Regents pass exec pay raises

    The UC Board of Regents approved what it called “modest” annual merit increases for senior management officials on Nov. 19, despite questions of unreported cash compensation given to top executives raised by recent articles in the San Francisco Chronicle.

    Payroll records obtained by the Chronicle show forms of compensation aside from salary totaling $871 million in bonuses, relocation packages and various other forms of cash payments over the past year. The figures had not been previously disclosed to the public. The bulk of the last year’s extra compensation, roughly $599 million, went to more than 8,500 employees who each received at least $20,000 over their regular salaries, and the amount was more than enough to cover the near 79-percent hike in student fees over the past five years.

    UC Students Association President Anu Joshi said it was possible that the lack of transparency was intentional.

    “I think that [the Board of Regents] knows that California families are struggling because the UC isn’t affordable,” she said. “So they do not want to disclose that they are increasing salaries of the top executives.”

    Joshi also said that she did not think that students would be bothered by the pay hikes as long as they did not come at the expense of higher student fees. UC President Robert C. Dynes justified the salary increases of about 2.5 percent as necessary to maintain the quality of the university.

    “UC must be able to offer competitive compensation packages in order to recruit and retain the caliber of talent we need to keep UC and its contributions to society strong,” he stated in a press release. “While compensation or benefits for certain employees may look high or inappropriate to some, they reflect very real marketplace demands and still continue to lag the market in many instances.”

    Some of the compensation figures are reflective of one-time payments and do not necessarily suggest ongoing compensation, the release stated. However, the university should have a certain degree of transparency when it comes to salary levels, according to Dynes.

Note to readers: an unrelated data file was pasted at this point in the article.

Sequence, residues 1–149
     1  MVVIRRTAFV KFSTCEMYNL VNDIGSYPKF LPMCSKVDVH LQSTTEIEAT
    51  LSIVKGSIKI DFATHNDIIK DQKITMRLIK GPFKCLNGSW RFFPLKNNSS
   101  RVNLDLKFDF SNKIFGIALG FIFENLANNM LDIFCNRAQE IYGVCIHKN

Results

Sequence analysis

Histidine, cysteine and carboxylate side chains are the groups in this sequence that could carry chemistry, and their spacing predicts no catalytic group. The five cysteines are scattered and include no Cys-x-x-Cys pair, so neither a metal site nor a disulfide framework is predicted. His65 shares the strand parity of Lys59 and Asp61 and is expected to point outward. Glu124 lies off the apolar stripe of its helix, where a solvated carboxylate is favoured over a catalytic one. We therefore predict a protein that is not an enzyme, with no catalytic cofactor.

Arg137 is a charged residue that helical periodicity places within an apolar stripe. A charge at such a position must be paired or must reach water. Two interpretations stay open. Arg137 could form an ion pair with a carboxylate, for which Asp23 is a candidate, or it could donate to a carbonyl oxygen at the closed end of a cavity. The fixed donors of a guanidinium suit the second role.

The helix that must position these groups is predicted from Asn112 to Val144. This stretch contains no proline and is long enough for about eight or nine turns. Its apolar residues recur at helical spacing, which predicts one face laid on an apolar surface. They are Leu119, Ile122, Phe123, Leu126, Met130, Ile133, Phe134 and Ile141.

“While the Chronicle omitted or mischaracterized some important facts, the stories also point out the need for us to consider whether we need to improve some of our public disclosure policies and internal practices,” Dynes stated in a letter to UC students.

    Robert Weinreb, a professor in the UCSD department of ophthalmology, was ninth in a UC ranking of highest paid employees, according to a new UC Web site that tracks employee compensations. State funding provides a portion of Weinreb’s salary, while awards in the form of contracts, grants and professional fees pay for the rest of his salary.

    A study on UC compensation, conducted by Mercer Consulting, found that current UC employee cash compensation is 15 percent below the comparative market level. However, the study did not take into account the one-time unreported payments disclosed by the Chronicle.

    On the basis of the study, the regents also approved a university objective of bringing all employees’ compensation to a market-competitive range within 10 years. UC employees this year are receiving average 3.5-percent salary increases, in addition to a proposed 4-percent average increase for 2006-07. The regents postponed the third component of the plan, which would have used private funds to supplement executive salaries.

    While Mercer’s study used other “market-competitive” universities for comparison, many were well-funded private campuses on the East Coast, such as Brown, Cornell, Harvard, Yale and Massachusetts Institute of Technology. A few of the public universities included in the study were University of Texas, University of Illinois, Urbana and University of Michigan, all of which admit more international students than compared to the University of California and thus collect more revenue.

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